The subject for today is the Christmas movie or, more specifically, the Hallmark Channel Christmas movie.
It's been a difficult year for millions of Americans -- a pandemic that has infected 12 million Americans and killed a quarter-million, ugly incidents of racial injustice, and a bitterly contested presidential election. Yet today, Americans pause for a moment to recognize our blessings and good fortune and express our hopes for the future on this Thanksgiving Day. We asked Golden Triangle residents what they are thankful for this Thanksgiving.
Even as she talks about plans for this year's Thanksgiving preparations, there's a wistful tone in Judy Otts' voice.
On Thursday, the 47 residents of Carrington Nursing Center in Starkville will still enjoy a traditional Thanksgiving meal and some will have visits from relatives. The common areas will still be decorated for the holiday.
Caledonia's new mascot is the Cavaliers, but there was nothing cavalier about the process used to select it.
On Nov. 26,1621, the settlers of Plymouth Colony and members of the Wampanoag Indian Tribe met to celebrate the first Thanksgiving, or so the story goes.
The surge in COVID-19 cases that is sweeping the state may finally be arriving in the Golden Triangle, administrators from hospitals in Columbus, Starkville and West Point acknowledge.
Gov. Tate Reeves used Monday's Coronavirus briefing to unveil his legislative budget plan for 2021.
I don't blame him. Given his handling of the pandemic, I'd want to give folks something else to talk about, too.
When Sherry Ellis left Georgia to return to her hometown of Columbus two years ago, she threw herself into community service.
"I grew up in Columbus and always was involved in community service," Elllis said. "I always had a heart for it. So when I came back home, I wanted to do anything I could for the community."
For most of the 20th Century, experts hailed the health benefits of country living. Fresh air, less-crowded living conditions and homegrown food sources were lauded as a preferable alternative to urban living.
When it became clear that Joe Biden would become the next President of the United States, I found myself spending the better part of the weekend pondering two questions posed long ago and about 20 years apart.
The former manager of the Caledonia Water Department has been arrested for embezzlement, the State Auditor's Office announced Monday.
For 15 years, the image of a purple falcon in flight has been a ubiquitous presence throughout the Columbus Municipal School District, adorning everything from letterheads to signage to sports uniforms.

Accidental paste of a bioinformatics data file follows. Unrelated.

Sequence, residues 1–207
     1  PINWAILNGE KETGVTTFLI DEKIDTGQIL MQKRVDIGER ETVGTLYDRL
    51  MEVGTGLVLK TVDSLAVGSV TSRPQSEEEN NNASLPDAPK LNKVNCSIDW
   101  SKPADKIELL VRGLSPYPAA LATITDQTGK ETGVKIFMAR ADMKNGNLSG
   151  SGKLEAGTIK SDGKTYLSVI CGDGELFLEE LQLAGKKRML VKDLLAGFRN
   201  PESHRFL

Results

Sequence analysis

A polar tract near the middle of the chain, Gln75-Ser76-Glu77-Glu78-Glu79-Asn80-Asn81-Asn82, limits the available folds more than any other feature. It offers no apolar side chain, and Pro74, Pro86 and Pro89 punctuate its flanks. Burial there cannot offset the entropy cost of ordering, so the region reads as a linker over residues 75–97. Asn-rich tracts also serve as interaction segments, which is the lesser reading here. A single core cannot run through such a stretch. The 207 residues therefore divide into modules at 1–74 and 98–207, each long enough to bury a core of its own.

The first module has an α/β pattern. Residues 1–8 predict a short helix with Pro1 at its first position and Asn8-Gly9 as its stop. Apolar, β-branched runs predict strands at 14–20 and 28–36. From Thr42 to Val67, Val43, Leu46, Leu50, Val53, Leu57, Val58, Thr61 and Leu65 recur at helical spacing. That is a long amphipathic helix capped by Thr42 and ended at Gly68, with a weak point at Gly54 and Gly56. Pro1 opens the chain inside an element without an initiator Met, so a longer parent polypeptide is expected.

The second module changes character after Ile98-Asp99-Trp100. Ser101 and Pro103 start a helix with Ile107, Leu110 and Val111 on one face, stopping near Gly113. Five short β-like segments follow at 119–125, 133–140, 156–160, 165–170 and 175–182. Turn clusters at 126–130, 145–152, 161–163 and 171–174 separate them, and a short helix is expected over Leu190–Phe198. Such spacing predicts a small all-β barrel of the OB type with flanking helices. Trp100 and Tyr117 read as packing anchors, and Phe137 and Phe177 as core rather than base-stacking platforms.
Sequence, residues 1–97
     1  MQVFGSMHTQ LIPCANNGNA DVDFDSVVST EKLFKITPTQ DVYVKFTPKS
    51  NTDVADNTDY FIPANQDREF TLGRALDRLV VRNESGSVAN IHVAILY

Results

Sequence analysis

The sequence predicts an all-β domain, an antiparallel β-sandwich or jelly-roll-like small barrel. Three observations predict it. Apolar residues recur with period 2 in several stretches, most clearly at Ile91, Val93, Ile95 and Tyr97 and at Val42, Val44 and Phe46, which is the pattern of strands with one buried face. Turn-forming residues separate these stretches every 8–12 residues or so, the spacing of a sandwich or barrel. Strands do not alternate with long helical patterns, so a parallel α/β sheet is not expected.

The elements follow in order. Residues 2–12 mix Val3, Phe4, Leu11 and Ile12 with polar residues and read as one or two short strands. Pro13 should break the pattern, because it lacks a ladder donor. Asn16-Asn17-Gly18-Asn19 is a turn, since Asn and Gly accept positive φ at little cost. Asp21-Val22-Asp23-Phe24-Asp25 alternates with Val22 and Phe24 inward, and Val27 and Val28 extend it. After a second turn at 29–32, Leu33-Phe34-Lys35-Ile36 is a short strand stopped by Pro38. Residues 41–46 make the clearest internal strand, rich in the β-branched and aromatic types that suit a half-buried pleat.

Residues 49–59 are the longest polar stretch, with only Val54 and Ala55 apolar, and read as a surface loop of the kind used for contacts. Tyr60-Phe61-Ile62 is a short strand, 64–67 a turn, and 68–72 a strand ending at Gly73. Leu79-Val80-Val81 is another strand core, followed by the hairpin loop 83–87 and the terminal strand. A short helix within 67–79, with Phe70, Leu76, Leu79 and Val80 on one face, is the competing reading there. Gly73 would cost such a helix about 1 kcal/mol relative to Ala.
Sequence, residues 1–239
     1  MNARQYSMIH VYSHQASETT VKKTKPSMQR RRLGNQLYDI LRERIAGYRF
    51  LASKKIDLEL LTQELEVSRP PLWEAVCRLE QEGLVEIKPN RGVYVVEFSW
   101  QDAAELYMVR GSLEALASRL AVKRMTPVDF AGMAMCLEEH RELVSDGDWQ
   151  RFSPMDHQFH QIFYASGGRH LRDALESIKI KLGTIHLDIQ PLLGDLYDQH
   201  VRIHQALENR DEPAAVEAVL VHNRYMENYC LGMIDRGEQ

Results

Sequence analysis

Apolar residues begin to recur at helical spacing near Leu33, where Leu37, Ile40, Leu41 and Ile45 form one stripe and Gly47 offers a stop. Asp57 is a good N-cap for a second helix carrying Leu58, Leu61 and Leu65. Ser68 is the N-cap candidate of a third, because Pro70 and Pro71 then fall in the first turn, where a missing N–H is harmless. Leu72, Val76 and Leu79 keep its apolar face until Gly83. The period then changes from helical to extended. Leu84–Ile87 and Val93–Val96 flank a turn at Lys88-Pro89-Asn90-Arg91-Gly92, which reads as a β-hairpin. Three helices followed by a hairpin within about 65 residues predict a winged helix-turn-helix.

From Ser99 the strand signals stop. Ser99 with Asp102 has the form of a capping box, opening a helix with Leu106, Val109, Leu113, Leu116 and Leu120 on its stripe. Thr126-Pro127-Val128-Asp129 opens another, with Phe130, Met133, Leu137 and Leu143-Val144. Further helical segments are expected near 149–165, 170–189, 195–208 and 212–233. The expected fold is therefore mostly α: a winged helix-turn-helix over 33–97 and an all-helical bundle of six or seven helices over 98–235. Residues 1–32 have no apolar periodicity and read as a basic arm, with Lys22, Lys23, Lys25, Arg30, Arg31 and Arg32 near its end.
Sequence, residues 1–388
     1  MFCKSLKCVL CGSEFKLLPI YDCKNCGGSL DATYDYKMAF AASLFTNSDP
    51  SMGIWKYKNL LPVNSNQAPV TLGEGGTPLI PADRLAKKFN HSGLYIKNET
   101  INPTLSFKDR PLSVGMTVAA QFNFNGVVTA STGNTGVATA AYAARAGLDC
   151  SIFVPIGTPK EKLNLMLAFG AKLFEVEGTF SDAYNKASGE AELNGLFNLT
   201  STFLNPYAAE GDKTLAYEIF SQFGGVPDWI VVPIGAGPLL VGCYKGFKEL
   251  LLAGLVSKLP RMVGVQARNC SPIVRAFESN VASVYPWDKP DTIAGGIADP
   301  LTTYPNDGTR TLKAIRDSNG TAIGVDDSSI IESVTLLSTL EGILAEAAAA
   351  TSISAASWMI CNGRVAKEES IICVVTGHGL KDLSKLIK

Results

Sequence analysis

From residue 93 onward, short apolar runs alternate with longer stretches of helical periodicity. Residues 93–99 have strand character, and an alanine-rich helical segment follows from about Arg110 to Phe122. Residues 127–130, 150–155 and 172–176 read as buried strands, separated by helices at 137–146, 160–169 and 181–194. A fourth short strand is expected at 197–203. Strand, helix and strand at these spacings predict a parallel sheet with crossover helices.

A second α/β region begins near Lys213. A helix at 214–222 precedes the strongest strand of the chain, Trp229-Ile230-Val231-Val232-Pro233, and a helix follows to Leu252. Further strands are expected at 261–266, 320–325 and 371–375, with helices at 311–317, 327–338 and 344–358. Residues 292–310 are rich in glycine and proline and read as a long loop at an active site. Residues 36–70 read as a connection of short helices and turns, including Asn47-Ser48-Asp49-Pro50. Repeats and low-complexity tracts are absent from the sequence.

When Grey Land heard the news that 4-County Electric Power Association would be reducing its rates for the next 12 months, he didn't immediately start making his retirement plans.
He kept on bush-hogging.
Oktibbeha County Circuit Clerk Tony Rook and Clay County Circuit Clerk Kim Brown Hood didn't have a frame of reference by which to compare Tuesday's presidential election, but both were amazed by its scale.
By the time you read this, you may have already voted in this year's election. If you haven't, what are you waiting for?
For the second time in nine months, Lowndes County supervisors have tentatively approved a fee-in-lieu of taxes (FILOT) agreement with a solar power provider.
Efforts to relocate the Confederate monument which has stood on the grounds of the Lowndes County courthouse to a site at Friendship Cemetery cleared its last procedural hurdle on Friday.
In her role as regional community development manager for the American Cancer Society, Jennifer James has detected something in the breast cancer survivors she works with that is hard to quantify, but always present.
"Cancer is a scary thing," James said. "But I think what it does, for all the bad and negative things that are part of it, is brings something up from within you, a spirit that says, 'I'm going to whip this.' It's a warrior spirit. They all have it."
Among the women James works with, there is no greater warrior than Josetta Jefferson.
All dressed up and no place to go.
Welcome to Halloween 2020.
It is almost comical the lengths Mississippi's establishment has gone to make sure Mississippi does not have a medical marijuana program.
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